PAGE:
Trope Review: The Found Family
The Found Family is a popular trope found across vast forms of literature, especially in fantasy genres. It can go hand-in-hand with the quest. The orphaned protagonist journeys with a disparate group of individuals and they become a cohesive unit despite constant bickering and disputes.
A Found Family trope is one that always warms my heart, and I always love it in literature. It’s so fun watching the groups fall into roles that fit their nature. A great example of this is the ‘Gaang’ in Avatar the Last Airbender. (I expect the group in The Legend of Korra has the same tropes but I haven’t seen it yet, sorry.)
Obviously, Katara is the mother of this found family. She lost her mother when she was younger (they don’t let you forget this) but joking aside, she has clearly stepped up and helped run her village. When she meets Aang, she immediately is protective of him.
Sokka, though older than Katara, acts younger initially, but he grows into a leader and planner. When the Gaang is in its prime in Season 3, Zuko easily slips into a older role model. He looks after Aang and the others in a different way to Katara. By taking them on ‘life-changing field trips,’ he is actually helping them grow as characters. He helps Aang learn firebending, becoming a fully realised Avatar. He helps Katara come to terms with her loss and grow. He helps Sokka redeem himself and mature as a leader. And Toph—well we’re still waiting for that, aren’t we?
So why does a Found Family trope work?
A Found Family trope works not only just because of how the characters interact, but also because how the relationships grow the characters.
Take the Court of Dreams in A Court of Thorns and Roses. They have all gone through absolute suffering, but they forge a new family together. And though the relationships and bickering is amazing (Cassian and Amren fighting, Mor grabbing the wine immediately, Rhys, Cassian and Azriel arguing), but it’s how they change each other. Feyre helps Amren grow, which helps her choose to return after the war. The best thing I take from the Court of Dreams is that we can’t choose our family, but we can choose our friends.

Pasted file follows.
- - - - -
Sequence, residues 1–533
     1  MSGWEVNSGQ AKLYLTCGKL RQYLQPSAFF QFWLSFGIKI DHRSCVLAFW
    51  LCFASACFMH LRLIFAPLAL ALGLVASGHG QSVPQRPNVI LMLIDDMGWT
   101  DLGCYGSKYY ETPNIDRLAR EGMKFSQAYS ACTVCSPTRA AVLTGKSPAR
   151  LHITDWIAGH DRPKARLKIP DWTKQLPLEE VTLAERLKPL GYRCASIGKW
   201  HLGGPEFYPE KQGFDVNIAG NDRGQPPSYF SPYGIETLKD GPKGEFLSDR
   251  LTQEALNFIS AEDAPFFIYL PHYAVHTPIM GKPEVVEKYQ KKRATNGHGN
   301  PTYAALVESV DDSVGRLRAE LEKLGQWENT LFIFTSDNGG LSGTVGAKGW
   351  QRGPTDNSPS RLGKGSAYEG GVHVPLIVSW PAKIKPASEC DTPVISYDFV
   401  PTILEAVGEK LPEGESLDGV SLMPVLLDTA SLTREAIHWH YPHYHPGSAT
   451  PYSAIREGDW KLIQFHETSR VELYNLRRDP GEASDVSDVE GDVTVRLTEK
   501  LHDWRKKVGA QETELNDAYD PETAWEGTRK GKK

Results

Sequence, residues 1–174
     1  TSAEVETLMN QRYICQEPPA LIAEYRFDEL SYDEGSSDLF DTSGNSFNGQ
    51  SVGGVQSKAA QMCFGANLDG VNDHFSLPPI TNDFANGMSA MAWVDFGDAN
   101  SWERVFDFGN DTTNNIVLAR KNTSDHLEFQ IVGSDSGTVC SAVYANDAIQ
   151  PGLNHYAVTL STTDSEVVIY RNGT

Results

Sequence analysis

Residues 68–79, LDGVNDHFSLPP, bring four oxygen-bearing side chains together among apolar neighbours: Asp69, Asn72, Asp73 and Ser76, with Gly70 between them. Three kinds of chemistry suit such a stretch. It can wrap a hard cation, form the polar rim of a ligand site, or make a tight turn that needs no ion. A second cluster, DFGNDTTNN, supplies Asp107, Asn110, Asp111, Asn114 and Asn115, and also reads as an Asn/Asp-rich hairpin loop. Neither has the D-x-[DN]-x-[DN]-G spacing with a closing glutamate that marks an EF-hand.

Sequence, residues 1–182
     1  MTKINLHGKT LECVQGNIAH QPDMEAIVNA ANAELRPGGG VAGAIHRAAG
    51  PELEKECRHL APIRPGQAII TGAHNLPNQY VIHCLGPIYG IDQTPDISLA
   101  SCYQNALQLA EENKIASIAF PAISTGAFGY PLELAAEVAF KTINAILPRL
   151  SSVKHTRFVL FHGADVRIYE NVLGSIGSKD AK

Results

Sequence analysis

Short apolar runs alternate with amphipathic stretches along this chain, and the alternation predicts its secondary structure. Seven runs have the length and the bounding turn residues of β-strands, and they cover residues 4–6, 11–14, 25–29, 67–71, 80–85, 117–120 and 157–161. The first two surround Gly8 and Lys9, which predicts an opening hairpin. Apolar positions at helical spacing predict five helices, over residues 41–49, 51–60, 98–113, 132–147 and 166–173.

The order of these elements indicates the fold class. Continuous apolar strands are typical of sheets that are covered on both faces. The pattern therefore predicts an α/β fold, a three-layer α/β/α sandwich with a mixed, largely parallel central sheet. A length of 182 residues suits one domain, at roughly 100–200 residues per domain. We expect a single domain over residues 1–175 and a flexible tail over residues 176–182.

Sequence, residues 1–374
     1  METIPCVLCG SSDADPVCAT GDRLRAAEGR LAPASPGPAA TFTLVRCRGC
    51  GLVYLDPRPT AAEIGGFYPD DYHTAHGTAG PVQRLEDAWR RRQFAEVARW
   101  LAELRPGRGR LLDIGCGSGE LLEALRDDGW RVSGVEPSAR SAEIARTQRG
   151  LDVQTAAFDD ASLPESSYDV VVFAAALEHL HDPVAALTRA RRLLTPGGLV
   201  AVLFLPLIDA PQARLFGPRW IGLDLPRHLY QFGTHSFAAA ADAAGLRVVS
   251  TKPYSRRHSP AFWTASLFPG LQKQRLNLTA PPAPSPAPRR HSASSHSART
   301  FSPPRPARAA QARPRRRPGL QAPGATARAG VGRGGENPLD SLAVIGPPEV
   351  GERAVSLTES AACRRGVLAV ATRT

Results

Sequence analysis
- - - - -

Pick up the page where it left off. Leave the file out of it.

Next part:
A great way to mess around with this trope is to have it clash with the birth family. You know the phrase ‘blood is thicker than water?’ Well it’s short for ‘blood of the covenant is thicker than the water of the womb.’ Essentially the bonds of friendship can be stronger than biological family.
And just because I’m lazy and Avatar gives off a wealth of examples, let me show off Zuko. We see him struggle with his abusive father and manipulative sister. One of his best moments comes when he fights his sister Azula alongside is Katara. He’s fighting his sister, with his friend. (And no, I don’t ship Zutara.)
I use the found family trope in Torchbearer, and one of my beta readers has commented how much she likes the family in the sequel. There aren’t any blood bonds in the group, but I hope that it is clear by the end they have become something more.
However, just because it's a found family doesn't mean they won't argue. No family is perfect. Take the Guardians of the Galaxy, for example. Nebula commented, "all you do is yell at each other. You are not friends." To which Drax responds, "you're right. We're family." Now this is obviously very cheesy, and I think you guys could do it better. But actions speak louder than words. Sure, they may yell at each other. They may bicker and argue. But when one is trapped, surrounded by enemies, what will the others do? Will they go back for them? If yes, then you’ve made a found family trope.
A Found Family makes for a great character arc and it is the "mother-trope" as I have named it—can encompass so many tropes themselves, some of which I may discuss in the future. These could include the Found Parent, Found Child, Honorary Uncle, Enemies to Lovers/Enemies to Friends to Lovers, and even can slot some Villain Redemption in there. It has a great theme - families are more than blood. They are the ones who have your back, always.
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